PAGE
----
Finding Mr. Right Next Door
There’s a saying that goes ‘here for a good time, not for a long time’, which perfectly describes the short (200 pages in e-book form) friends-to-lovers Finding Mr. Right Next Door.
Lexi Dean and Matt Freeman are renowned amongst the Station 1 fireteam of Dry Rock, CO for their “twenty-five-year-old-marriage”. They grew up together, work together, live “on adjacent lots”, and have a dog (I was pleasantly surprised Ballance ignored the make-a-man-hotter-by-giving-him-a-tiny-dog-to-cuddle-in-his-huge-arms trope and made it a mastiff). But after two decades, it looks like irreconcilable differences might end this pseudo-marriage. Lexi wants a “perfect marriage, perfect kids, perfect dog. And a white picket fence” and Matt is “pursuing anything with a pulse”. Then Lexi joins a dating website and sets her kitchen on fire (not because of the dating website), which results in her living with Matt while attempting to date. Matt is displeased at the intrusion of another rooster into his hen house, and pretty soon is laying claim to Lexi.
Finding Mr. Right Next Door is a great in-the-moment read, especially after the first twenty five percent, when it pulls a pop concert quick change and goes from a steady, Plain Jane romance to a romp. The writing is a hoot; clever, full of wordplay, and sexily observant. Lexi at one point finds Matt cooking shirtless and thinks “she was staring down a man who knew how to do sex better than any other in existence, and now his washboard abs were flavored with bacon”. Ballance makes the sex and foreplay itself feel original without diving into a war chest of I’ve-never-heard-of-that sex. She’s like an engineer making something cool out of two toilet paper rolls, some duct tape, and a cardboard box, except she’s an author with a man, a woman, a P and a V.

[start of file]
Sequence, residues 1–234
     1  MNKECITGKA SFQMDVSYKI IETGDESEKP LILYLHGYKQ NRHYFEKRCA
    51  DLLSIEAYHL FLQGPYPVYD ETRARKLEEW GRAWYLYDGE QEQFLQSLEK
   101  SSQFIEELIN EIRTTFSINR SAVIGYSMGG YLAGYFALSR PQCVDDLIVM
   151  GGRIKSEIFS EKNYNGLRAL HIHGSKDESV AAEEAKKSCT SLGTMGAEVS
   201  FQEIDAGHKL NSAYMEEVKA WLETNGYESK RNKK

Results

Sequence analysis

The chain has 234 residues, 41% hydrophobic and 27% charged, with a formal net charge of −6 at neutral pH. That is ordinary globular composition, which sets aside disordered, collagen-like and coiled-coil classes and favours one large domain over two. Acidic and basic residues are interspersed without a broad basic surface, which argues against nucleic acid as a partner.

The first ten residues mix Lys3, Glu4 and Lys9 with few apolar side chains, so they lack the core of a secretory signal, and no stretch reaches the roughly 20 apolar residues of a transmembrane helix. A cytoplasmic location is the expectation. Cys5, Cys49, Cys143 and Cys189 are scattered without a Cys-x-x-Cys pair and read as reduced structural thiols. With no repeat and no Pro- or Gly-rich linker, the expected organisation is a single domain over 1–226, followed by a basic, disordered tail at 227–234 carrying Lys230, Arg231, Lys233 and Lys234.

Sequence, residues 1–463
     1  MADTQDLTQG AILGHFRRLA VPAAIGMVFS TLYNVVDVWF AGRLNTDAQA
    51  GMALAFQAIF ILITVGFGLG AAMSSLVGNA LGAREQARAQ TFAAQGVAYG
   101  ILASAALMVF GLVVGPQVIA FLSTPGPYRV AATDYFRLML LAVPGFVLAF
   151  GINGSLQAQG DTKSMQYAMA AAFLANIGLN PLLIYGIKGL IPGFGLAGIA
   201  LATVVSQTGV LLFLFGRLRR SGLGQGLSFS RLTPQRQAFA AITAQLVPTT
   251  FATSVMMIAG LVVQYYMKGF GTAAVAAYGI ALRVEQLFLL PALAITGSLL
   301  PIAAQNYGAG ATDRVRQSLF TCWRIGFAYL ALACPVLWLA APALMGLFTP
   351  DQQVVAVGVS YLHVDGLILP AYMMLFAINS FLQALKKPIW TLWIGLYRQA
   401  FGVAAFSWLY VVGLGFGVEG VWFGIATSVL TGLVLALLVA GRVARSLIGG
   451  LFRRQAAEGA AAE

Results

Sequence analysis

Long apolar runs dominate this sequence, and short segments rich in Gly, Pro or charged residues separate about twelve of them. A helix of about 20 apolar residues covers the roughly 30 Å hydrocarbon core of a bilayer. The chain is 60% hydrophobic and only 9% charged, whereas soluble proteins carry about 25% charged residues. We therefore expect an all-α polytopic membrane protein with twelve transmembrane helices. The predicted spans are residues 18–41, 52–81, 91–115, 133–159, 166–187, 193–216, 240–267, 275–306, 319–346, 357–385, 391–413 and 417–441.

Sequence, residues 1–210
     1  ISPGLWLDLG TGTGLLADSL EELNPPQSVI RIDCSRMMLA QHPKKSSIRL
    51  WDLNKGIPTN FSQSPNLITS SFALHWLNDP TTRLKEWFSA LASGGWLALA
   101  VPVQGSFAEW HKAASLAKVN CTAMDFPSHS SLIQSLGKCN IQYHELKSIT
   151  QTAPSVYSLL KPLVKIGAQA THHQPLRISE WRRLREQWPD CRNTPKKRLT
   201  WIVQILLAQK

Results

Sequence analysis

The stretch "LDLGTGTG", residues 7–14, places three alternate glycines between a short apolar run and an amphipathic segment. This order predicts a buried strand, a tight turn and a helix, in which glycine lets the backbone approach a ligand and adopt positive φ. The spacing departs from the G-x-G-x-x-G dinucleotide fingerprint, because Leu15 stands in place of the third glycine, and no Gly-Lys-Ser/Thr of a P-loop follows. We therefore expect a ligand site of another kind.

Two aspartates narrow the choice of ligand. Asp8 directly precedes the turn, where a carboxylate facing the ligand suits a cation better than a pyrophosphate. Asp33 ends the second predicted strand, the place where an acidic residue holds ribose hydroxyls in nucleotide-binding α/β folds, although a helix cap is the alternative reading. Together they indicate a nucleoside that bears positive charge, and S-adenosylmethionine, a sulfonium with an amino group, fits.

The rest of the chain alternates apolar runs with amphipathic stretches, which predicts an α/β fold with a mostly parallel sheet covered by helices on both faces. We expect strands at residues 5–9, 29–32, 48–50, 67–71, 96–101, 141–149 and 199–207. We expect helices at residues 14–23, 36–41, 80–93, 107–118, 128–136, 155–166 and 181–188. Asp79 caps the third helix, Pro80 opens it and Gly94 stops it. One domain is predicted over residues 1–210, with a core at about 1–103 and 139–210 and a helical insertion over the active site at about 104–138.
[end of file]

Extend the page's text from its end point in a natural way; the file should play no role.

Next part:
The downside of this book is that because Matt and Lexi have known each other so long, there’s nothing they don’t know about each other, and so the reader never really gets a chance to learn about either of them. And because their relationship (as friends and as lovers) doesn’t have any particular challenge to work on, there’s no opportunity for their distinctive personalities to be drawn out that way, either. I also had an issue with the lack of boundaries around family. Matt has a grandma who’s a chronic over-sharer about her sex life and the state of her underwear (she’d “checked herself into a retirement facility for the sole purpose of carousing with men”) and Matt literally starts toying with Lexi’s ladyparts under the table at a dinner with her parents. Please, people, I’m all for sexual expression, but not around blood relations.
Finding Mr. Right Next Door is a good choice if you want a book that is high on sex that’s augmented with emotional connection, but you don’t want to actually watch the creation of said emotional connection, and just want to spend your time turning pages with an amused smirk on your face.